You are correct about it being self regulating – to an extent. As many have said time and time again, high house prices and high rents are not the problem, they are a symptom of the problem – that there are more people looking for a roof over their head than there are roofs to put over them. The answer to that is one or more of : decrease the number of people looking for a home, increase the number of homes, or increase the number of people living under each roof.
      Population control has never been politically acceptable except in authoritarian regimes – and China is now starting to reap the problems stored up by it\’s one child per couple policy.
      Building more homes is well talked about, but this is a business – and all large developments rely on people able to buy off plan for funding. Few owner occupiers have the money to slap down large deposits a year or two in advance – so those off plan sales are generally to landlords for rental. Tell those landlords that they won\’t be able to charge a rent that makes a reasonable return on investment and they won\’t invest – and that means the development won\’t happen. So when someone tell you that stopping buy to let would make more homes available – they are either lying or ignorant because exactly the opposite would happen.
      As to number of heads under a roof. Traditionally children stayed in the family home until they got married and got a home of their own – though many stayed in one or other of their parents home for a while. Now lots of people are wanting a home of their own – and that artificially inflates the demand for homes. Add in that many people these days want to start half way up the ladder – it\’s easy to complain that it\’s someone (typically landlords) else\’s fault that they can\’t start off in a medium semi with drive and large garden instead of the small bedsit (flat) and work up like their parents did.

      It\’s been shown time and time again that rent control will only produce (at best) a very short term benefit before the rental market contracts and tenants lose out badly.

    • I agree with you Margaret. Under Corbyn, the Labour Government will massively increase the building of affordable houses for rent through Local Councils. This, so the people can once again have a secure place to live as an affordable stable base from which they can proceed towards living their lives, and without the fear of a destabilising private market. If people can but look beyond the right wing media propaganda I am sure they will see what he stands for as a \’breath of fresh air.\’ However, the \’establishment\’ have no interest in letting the people have too much fresh air, for fear that the people will wake up, realise what has really been going on, and turf them ( the so called elite ) out into the wilderness. Corbyn\’s time has surely come?.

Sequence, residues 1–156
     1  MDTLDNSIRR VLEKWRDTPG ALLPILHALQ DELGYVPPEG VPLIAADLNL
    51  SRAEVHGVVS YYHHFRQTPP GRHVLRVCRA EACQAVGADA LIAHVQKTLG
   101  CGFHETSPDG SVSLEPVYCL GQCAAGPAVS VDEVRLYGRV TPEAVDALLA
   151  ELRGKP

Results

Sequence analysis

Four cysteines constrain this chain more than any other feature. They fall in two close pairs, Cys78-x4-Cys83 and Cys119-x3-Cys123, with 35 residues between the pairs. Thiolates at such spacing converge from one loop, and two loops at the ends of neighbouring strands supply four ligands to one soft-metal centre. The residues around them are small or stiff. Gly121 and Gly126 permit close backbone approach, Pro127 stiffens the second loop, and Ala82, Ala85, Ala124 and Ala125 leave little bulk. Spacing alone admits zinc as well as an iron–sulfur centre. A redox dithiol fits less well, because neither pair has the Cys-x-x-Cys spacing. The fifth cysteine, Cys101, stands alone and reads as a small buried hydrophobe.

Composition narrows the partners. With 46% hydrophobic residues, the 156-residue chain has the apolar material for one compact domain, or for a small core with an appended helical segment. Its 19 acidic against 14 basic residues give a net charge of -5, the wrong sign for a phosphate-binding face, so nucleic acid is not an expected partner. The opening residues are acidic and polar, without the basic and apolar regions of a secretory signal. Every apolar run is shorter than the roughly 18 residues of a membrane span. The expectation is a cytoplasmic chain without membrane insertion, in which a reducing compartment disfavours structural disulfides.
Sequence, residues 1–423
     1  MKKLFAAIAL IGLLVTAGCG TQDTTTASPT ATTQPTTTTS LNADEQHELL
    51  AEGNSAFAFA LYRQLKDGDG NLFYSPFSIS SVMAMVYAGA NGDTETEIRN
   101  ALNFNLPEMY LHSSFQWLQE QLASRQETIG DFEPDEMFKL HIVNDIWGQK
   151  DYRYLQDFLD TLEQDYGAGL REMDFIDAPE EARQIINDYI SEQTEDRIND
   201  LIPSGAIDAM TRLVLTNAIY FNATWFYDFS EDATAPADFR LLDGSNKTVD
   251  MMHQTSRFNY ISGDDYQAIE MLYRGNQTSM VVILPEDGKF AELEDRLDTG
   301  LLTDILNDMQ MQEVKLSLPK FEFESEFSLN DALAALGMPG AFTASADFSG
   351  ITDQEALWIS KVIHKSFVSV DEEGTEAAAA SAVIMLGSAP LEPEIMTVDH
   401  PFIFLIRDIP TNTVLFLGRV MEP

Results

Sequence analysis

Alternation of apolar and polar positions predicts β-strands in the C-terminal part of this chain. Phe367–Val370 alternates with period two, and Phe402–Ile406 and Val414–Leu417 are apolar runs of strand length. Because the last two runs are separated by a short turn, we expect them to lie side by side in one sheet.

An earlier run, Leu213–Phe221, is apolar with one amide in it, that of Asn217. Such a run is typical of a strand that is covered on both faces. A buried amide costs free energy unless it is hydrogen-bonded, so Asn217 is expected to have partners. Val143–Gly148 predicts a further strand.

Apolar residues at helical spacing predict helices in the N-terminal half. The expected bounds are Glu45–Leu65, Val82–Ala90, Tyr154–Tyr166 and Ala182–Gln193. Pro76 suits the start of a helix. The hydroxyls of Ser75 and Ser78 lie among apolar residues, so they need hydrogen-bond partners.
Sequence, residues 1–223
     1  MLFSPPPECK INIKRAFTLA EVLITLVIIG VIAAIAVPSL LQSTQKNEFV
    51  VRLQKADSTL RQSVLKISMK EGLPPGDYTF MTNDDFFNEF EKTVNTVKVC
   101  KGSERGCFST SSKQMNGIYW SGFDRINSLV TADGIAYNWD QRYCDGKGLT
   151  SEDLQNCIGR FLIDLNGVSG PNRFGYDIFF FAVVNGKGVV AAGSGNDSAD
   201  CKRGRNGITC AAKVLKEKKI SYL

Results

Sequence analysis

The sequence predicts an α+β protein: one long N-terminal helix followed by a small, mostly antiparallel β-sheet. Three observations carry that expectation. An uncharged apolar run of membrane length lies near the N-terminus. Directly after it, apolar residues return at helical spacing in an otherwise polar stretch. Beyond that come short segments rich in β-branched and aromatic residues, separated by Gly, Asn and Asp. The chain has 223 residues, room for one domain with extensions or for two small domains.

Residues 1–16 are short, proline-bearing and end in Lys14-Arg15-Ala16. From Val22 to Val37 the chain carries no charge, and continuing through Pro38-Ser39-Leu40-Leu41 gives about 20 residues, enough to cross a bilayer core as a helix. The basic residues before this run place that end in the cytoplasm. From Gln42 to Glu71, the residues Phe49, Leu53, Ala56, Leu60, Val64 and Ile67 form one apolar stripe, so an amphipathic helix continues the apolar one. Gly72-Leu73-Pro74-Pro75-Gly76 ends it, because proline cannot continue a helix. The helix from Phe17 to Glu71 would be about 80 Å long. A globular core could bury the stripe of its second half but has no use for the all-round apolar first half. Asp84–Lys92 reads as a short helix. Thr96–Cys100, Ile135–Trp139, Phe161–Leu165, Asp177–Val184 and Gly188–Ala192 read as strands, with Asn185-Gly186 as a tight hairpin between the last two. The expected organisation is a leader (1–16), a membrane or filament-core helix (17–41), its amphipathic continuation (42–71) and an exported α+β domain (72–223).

• Margaret, I am a landlord in Yorkshire and agree that rent controls would not be much of a problem for me either. That suggests they are not necessary for large parts of the country.

      Are we qualified to pronounce on the London market? I can see that established Landlords may be doing very nicely from properties bought many years ago but that is not the main issue. Nobody is a landlord for ever, the market turns over with some leaving each year and that means new blood having to pay the going rate to buy rental stock.

      I would suggest that yields from properties in London and the south east are actually lower than in the north despite what may appear to be ridiculously high rents – the property purchase price being equally ridiculous to many. Of course there may be landlords in London benefitting from over occupation of sub standard HMOs but that is a separate issue which may even be worsened by setting uneconomic rents.

      As a side note, I have tenants on contracts that were originally 6 month ASTs which have become periodic and they have been in situ for 17 years, 13 years, 12 years and 10 years respectively. The main threat to the security they enjoy is uninformed meddling from out of touch politicians from whatever party, I have already sold 2 properties from 15 due to impending changes from George Osborn\’s assault on unincorporated landlords.

  2. PS. I do support more direct building of low cost housing by Government, the present incumbents will not achieve anything due mainly to Osborne\’s ineptitude and playing to populist sentiment regarding private landlords. However the one clear and sensible aim of Corbyn to deal with this fundamental problem is unlikely to be achieved as it is lumped in with a very anti landlord sentiment and, like every other issue, doesn\’t form a basis for getting Labour into power.

    Building 1 million homes above the existing output of the housebuilding companies would solve most of the problems – so why on earth does Corbyn spoil the winner that he would be onto by talking about rent controls etc when they wouldn\’t be needed.